At long last the space inside the former Belle Glade library has taken shape. Under the careful supervision and work of Linda Geary and a few volunteers, the Lawrence E. Will Museum is just about ready to play host to audiences around the Lake Okeechobee area.
On Saturday, the museum, which had been closed indefinitely following the library’s move to a new location, will be opening free of charge to the public. According to Ms. Geary, the opening coincides with the museum’s receiving a traveling exhibit from the Smithsonian.
‘The Way We Worked’ is based on photographs from the National Archives depicting scenes of a younger America at work, America at the turn of the 19th and 20th centuries, and the gamut between. The local museum is honored to be hosting the exhibit, explained Ms. Geary.
“It’s exciting,” the museum curator said, speaking on almost double terms about the exhibition and the progress inside the museum itself. “It’s come a long way, and we have a long ways to go.”
For many months the space at the building was nearly entirely vacant, with Ms. Geary and volunteers focusing almost all of their work on cataloguing items housed in the northernmost section of the old library. Even today, there is much more work to be carried out, but at least Ms. Geary can be content with having made the timeline to open in time for the exhibit, which will be in Belle Glade from May 23 to July 4.
The public is invited to come out for the opening of the exhibit, on Saturday from 10 a.m. to 4 p.m. Following the opening day, the museum will remain open from Wednesdays through Saturdays, 10 a.m. to 4 p.m. The museum will make its curator available on Mondays and Tuesdays to local schools and other presentations.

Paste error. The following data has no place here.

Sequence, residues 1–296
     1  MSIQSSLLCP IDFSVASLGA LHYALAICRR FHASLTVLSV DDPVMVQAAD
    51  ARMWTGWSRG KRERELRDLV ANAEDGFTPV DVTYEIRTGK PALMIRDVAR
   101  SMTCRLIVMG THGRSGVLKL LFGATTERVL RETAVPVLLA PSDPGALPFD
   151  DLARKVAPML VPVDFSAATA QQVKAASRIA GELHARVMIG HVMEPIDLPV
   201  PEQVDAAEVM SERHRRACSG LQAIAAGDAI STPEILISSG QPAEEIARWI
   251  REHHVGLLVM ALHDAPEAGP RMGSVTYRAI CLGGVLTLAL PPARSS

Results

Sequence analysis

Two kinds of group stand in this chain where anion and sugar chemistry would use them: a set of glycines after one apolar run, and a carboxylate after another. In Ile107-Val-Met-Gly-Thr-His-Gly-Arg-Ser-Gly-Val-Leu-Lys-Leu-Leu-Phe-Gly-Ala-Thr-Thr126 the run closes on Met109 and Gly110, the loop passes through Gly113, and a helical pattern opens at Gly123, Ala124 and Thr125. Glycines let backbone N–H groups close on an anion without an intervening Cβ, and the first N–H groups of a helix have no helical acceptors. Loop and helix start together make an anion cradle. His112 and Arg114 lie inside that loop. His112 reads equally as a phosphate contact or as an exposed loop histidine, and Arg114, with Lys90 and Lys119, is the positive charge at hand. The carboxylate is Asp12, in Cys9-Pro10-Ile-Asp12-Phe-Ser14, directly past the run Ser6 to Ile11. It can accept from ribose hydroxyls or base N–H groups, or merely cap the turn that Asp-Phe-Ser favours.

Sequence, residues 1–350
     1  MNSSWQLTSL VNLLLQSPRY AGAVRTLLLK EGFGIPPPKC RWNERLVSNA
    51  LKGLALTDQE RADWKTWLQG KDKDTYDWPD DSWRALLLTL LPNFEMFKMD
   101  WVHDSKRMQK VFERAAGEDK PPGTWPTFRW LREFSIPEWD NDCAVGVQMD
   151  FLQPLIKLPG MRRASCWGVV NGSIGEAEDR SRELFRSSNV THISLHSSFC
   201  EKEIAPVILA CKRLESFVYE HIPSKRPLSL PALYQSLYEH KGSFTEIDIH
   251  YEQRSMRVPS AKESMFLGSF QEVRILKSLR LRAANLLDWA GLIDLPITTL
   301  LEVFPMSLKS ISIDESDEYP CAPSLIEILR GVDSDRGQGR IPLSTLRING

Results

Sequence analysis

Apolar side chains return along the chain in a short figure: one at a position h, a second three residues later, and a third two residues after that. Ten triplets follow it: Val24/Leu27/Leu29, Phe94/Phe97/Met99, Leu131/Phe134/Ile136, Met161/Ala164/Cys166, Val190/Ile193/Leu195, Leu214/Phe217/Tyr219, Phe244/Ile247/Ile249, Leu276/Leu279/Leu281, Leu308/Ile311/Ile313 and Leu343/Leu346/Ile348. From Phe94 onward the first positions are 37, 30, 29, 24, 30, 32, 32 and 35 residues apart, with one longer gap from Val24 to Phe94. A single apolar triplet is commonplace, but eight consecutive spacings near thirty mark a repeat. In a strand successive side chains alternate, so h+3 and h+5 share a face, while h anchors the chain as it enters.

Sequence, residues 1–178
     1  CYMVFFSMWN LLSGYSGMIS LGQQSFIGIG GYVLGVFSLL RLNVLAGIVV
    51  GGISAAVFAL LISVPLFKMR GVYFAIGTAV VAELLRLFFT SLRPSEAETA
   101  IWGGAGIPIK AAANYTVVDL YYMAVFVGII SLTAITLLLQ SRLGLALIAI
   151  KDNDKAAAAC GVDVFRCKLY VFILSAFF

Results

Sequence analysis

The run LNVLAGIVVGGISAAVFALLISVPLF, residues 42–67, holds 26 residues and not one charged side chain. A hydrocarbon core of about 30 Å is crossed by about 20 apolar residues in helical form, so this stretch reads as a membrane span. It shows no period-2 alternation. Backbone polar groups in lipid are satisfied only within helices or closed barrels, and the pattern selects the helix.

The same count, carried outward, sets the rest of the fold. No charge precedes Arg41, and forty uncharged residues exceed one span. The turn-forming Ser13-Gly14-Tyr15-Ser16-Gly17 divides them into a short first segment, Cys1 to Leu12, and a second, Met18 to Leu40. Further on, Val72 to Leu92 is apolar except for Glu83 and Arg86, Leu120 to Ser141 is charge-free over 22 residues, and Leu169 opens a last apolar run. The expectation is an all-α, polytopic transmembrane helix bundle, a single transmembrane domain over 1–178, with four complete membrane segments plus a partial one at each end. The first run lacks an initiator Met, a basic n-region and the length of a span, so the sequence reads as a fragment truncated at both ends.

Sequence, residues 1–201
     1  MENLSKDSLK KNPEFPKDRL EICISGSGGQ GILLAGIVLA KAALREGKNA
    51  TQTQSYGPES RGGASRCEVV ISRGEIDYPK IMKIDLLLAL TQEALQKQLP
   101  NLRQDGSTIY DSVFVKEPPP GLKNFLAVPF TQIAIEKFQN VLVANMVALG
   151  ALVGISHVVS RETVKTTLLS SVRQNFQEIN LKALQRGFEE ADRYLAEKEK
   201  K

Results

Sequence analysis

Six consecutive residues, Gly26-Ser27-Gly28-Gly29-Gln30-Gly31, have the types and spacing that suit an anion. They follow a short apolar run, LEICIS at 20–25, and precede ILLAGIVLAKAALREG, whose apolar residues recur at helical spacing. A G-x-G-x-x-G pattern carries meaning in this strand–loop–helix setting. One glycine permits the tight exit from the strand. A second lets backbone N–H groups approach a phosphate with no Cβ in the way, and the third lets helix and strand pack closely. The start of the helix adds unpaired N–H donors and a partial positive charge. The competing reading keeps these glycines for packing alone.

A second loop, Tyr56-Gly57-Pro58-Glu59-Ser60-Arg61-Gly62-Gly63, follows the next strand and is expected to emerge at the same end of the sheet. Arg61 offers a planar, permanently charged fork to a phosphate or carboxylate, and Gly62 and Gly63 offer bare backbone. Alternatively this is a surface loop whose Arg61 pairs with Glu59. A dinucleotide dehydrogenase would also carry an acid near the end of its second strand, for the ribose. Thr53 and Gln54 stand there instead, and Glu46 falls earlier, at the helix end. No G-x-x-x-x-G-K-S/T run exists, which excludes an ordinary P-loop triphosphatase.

On Tuesday morning, Ms. Geary eagerly anticipated the arrival of the Smithsonian exhibit. The inside of the museum looked nearly complete minus the exhibit. At the entrance an Ann Tyler mural greets visitors. Ms. Geary explained how the mural was taken down piece by piece and reconstructed, with the artist coming in personally to do touch up work on it, in order for it to be installed at the entrance.
Other items on display tell the story of the Glades area, all the way from Kissimmee south. Former museum curators, including Lawrence E. Will and Dr. Joseph Orsenigo, and the artifacts and items they donated to the museum, are featured.
Leading up to the opening, a local Boy Scout troop went door to door leaving flyers about the museum opening at residents’ homes. Ms. Geary is hopeful for a good turnout, and invites the public to attend. All ages are invited.
“It tells the local history, which is important and different from the east coast history that people are used to,” said Ms. Geary. “People should be proud of it.”